SKAT arre over the moon at the prospect of a giant piece of judicial skulduggery being the final nail in the coffin of the hated toll regime.
Reacting to news that the dual role played by the Lord Justice Rodger, was being viewed very critically in legal and political circles last night. SKAT convener, Drew Millar, said, "At long last all those people and groups who've supported us as individuals, and as occasion demanded in the past three and a half years, are now coming together as one to say, "This time it certainly is for real."
The group has been viewing with increasing amazement and barely concealed delight the public condemnation of the dramatic allegations that Lord Rodger broke all the rules by allowing himself to sit on the bench on three SKAT High Court Appeals when his previous office had, in October and November 1995, while he was Lord Advocate, been involved in initiating the prosecutions against the tolls non-payers. In one of these cases, Portree Primary School janitor, Hugh MacIntyre, travelled all the way from his home in Portree to Edinburgh on 17th December 1998, was represented in Court by a QC, but was told by Lord Justice Rodger, the Presiding Judge, that he wasn't going to hear any evidence in the Appeal and immediately threw it out of Court.
Experienced observers said last night that the treatment of Mr MacIntyre's case could shake the reputation of the Scottish Judicial system. "What makes this case so absolutely incredible", said Mr Millar, "is that Hugh MacIntyre was one of the first people charged on the very first night of tolling on the Bridge. At that time Lord Rodger of Earlsferry was the man ultimately responsible for prosecutions in Scotland. We waited some months, challenging the Fiscal in Dingwall to tell us when we would get our day in Court, and the only response we got was that Edinburgh had yet to decide. Well, Hugh was taken to Court, found guilty, appealed and found himself in the Appeal Court in Edinburgh. And who should be sitting there in front of him heading the panel of three judges? None other than Scotland's Premier Judge, Lord Rodger of Earlsferry"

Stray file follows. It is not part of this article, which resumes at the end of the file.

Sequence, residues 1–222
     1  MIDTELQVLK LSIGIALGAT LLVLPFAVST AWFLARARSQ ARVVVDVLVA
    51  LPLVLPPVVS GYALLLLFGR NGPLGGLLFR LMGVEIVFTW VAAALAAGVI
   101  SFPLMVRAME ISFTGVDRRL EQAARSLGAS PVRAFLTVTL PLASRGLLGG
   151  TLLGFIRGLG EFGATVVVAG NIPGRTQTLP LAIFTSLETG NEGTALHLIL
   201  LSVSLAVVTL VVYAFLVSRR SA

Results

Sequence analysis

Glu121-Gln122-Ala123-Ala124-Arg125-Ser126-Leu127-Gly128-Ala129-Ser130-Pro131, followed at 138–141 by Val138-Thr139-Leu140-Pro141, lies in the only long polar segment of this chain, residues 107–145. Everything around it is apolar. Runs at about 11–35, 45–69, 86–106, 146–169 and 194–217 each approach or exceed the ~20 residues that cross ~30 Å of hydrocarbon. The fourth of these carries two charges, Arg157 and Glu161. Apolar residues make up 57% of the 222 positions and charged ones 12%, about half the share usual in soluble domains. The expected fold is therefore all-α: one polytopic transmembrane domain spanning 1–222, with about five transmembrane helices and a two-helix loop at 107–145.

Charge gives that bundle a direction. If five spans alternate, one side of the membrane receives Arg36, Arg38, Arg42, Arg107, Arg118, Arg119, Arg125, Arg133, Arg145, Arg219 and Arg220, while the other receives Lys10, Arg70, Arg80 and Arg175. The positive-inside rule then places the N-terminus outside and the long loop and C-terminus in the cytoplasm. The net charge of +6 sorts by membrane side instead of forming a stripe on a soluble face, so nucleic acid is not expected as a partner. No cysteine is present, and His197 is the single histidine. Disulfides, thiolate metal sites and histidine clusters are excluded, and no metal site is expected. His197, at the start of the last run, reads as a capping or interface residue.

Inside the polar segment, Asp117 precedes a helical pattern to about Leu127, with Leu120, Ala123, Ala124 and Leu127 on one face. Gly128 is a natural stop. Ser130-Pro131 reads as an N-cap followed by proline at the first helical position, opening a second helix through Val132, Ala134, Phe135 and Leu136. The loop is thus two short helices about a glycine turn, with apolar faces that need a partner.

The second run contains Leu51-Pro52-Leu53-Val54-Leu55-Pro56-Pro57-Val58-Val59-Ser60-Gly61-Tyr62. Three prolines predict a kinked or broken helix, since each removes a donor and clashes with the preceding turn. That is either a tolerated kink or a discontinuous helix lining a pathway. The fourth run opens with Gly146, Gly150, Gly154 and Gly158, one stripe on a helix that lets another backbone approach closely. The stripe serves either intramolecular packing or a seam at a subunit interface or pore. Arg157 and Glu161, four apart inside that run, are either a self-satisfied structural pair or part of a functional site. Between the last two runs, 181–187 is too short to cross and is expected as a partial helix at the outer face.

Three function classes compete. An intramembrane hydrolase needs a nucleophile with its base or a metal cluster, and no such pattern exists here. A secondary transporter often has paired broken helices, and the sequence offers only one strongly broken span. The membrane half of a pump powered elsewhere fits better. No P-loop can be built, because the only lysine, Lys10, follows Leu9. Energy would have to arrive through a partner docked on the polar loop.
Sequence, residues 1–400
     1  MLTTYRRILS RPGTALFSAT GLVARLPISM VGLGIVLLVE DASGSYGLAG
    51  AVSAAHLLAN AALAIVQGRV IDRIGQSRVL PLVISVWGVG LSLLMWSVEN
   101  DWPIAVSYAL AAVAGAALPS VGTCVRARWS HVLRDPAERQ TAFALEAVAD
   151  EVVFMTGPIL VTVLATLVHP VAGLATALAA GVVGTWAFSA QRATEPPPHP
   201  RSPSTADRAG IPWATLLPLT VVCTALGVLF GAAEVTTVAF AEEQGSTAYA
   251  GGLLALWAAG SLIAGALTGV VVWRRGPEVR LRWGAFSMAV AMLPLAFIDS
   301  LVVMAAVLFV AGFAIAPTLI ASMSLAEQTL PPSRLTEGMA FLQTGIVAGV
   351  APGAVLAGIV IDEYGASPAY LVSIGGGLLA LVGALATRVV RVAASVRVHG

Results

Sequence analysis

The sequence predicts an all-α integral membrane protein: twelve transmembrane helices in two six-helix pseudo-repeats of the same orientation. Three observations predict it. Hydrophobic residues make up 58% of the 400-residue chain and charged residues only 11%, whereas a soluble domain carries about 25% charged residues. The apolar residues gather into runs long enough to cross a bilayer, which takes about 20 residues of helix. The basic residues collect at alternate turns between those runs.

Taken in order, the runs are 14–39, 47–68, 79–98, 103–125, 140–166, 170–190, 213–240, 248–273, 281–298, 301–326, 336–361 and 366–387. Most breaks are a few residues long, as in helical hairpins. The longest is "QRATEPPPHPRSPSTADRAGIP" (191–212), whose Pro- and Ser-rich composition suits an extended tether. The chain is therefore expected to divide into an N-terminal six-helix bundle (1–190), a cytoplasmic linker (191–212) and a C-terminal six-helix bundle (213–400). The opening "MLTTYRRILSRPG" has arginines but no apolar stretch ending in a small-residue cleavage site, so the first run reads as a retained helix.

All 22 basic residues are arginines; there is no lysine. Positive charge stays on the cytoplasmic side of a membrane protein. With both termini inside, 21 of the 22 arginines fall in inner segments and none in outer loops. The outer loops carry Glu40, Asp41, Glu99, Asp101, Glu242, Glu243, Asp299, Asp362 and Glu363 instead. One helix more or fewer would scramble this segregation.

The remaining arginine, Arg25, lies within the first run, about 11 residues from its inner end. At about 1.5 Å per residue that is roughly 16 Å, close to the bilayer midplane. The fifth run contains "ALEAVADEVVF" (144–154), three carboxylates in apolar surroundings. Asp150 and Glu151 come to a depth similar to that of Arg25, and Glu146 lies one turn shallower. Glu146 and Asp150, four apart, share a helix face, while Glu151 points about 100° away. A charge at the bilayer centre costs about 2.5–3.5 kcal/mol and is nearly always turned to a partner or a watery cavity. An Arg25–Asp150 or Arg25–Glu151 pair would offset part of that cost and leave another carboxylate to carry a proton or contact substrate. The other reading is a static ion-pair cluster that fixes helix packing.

A leading Constitutional expert Rob Dunbar of Glasgow University's Law faculty said last night that the case was very similar to a Belgian case which the European Court of Human Rights had recently decided against the judicial system in that country as being prejudicial to the rights and liberties of citizens. SKAT say that it was no surprise to them that the Appeal was rejected as were two others heard by Lord Rodgers.
Skye's MP, Charles Kennedy, announcing that he is to table Commons' questions about the possibility of Lord Rodger being in a conflict of interest position, said, "Clearly, there is a significant and justifiable public interest here following Lord Hoffman's position in the General Pinochet case in England". Mr Kennedy said that it was central to the entire case against Skye Bridge Tolls protesters that any directions given to the Procurator Fiscal's office in Dingwall be made public. For SKAT, Mr Millar said, "To clear this foul-smelling air, that's the very least we need, but until they tell us the truth we'll keep pushing because we know the position".
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Copyright © Ray Shields, 1999.
Most recent revision, 03 February 1999